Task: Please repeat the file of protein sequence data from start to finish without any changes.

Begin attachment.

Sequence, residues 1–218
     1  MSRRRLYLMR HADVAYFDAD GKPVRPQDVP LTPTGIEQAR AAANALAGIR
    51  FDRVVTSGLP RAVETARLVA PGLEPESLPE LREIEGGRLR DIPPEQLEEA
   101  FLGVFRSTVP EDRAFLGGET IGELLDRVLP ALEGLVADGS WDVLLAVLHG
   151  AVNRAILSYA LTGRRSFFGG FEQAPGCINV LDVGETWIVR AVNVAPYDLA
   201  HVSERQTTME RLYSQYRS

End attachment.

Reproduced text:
Sequence, residues 1–218
     1  MSRRRLYLMR HADVAYFDAD GKPVRPQDVP LTPTGIEQAR AAANALAGIR
    51  FDRVVTSGLP RAVETARLVA PGLEPESLPE LREIEGGRLR DIPPEQLEEA
   101  FLGVFRSTVP EDRAFLGGET IGELLDRVLP ALEGLVADGS WDVLLAVLHG
   151  AVNRAILSYA LTGRRSFFGG FEQAPGCINV LDVGETWIVR AVNVAPYDLA
   201  HVSERQTTME RLYSQYRS